For it to have been the end of my photojournalism class, this is actual my first photo story. Here I got lucky after once attending a digital media workshop at Central Michigan University I flexed my skills in editing audio and video. However, I still had to rely on my newly minted photojournalism skills.
For my final photo story, I chose to cover an event hosted by the Black Student Union and other African American Wayne State University organizations. I chose this event because of what I knew about Kwanzaa as holiday and its relation to my own life. I know Kwanzaa is a colorful celebration of life here in the America’s for Africans Americans who have only know a life in the states, they can connect to the values of their descendants.
For the project I went in blind, with little to find on the Internet of past celebrations here on campus I decide to take a risk and just show up. Once there I found almost exactly what I had expected people and food and discussion. A professor Kenfenste Chike spoke in depth about his relationship to Kwanzaa and lectured on the values and how we can use them in today’s society. He touched on the lack of interest in Africana Studies he sees today from students, and the lack of interest in the holiday itself. He hopes the values with thrive again one day.
For the crowd, they all had lots to say even in a lecture space everyone welcomed interjections and inquires across the crowd. As a photographer I still got lots of stares as my camera clicked, I soon tried hard to shoot while there was noise over my camera. That brings me to another point of what I didn’t see. There was absolutely no music, which caught me by surprise and became very interesting as I began to focus on what to record. I thought about the mumble if the crowd but eventually settled on recording my interviews and lectures with an event organizer and mistress of ceremonies Maxine Hudgins.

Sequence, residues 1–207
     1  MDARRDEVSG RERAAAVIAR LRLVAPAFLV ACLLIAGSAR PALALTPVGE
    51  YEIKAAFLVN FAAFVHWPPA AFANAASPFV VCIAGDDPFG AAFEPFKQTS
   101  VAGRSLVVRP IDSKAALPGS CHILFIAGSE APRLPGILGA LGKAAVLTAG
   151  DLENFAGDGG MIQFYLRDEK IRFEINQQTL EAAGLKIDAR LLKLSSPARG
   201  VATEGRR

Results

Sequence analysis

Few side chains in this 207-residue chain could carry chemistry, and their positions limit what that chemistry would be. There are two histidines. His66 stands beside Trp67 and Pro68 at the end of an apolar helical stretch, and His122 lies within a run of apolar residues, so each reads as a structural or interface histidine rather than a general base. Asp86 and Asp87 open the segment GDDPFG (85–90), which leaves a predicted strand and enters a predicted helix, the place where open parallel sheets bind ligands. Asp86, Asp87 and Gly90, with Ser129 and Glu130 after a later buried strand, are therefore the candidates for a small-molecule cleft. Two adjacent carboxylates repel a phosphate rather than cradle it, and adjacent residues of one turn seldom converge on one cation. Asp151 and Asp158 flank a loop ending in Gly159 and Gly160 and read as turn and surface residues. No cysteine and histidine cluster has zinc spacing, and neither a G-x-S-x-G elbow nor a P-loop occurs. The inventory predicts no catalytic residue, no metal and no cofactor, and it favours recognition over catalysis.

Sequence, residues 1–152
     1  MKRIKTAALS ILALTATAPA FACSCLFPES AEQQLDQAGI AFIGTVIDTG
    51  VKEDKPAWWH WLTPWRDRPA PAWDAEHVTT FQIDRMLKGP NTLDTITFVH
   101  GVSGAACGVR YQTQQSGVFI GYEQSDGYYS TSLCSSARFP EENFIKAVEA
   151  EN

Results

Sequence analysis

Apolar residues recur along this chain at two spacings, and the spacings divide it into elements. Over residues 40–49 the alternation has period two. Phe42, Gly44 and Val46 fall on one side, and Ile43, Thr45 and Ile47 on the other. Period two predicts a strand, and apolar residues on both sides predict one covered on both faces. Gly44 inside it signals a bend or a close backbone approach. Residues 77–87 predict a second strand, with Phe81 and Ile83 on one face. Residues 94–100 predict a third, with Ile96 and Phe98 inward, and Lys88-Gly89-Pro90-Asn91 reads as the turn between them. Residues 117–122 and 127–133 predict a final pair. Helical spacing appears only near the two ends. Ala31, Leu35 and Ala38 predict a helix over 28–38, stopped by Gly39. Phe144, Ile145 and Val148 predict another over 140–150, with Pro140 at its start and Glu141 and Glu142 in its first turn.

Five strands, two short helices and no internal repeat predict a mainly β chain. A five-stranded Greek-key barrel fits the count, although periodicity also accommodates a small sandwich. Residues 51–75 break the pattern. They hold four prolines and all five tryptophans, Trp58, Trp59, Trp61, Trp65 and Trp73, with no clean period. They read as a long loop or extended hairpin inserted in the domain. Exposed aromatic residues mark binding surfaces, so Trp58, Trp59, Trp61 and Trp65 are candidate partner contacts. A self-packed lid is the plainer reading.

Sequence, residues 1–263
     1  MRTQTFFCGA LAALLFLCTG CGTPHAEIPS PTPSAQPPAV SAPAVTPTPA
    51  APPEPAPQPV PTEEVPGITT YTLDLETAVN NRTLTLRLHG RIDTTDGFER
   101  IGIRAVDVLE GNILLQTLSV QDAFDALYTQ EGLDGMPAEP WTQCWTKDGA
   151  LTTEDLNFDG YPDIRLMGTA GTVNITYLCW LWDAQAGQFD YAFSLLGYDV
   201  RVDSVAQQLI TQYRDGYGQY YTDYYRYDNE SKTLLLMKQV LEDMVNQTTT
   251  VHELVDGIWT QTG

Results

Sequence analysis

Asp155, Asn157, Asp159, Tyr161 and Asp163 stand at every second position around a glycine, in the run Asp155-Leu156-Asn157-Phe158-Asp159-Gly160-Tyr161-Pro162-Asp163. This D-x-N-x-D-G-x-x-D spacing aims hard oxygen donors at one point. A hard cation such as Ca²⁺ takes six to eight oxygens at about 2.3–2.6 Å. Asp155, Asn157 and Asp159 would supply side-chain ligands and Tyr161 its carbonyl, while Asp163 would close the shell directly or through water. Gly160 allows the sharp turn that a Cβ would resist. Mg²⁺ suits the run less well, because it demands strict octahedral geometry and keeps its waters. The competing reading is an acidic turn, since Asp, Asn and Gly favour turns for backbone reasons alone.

She spent hours setting up the event including providing traditional African American fare. The crowd eventually gathered in fellowship at the end of the lecture to eat and talk among themselves. The crowd ranged from young to old, student to professor.
This assignment was truly a culmination of skills, I exercised them all to the best of my ability. After this assignment I’ve realized just how artful photojournalism is and the work people put in to doing it. For me the hardest part was still the photos, the technique. I now know that as a photojournalist you also have to create your style, your ‘way of doing,’ to create this common tread in your images and that thread is you. What you’re looking at through your lenses, what composition you’re using, how you’re using light, what moments you capture. You’re given the tools and the skills but once you’re out shooting it all comes down to you.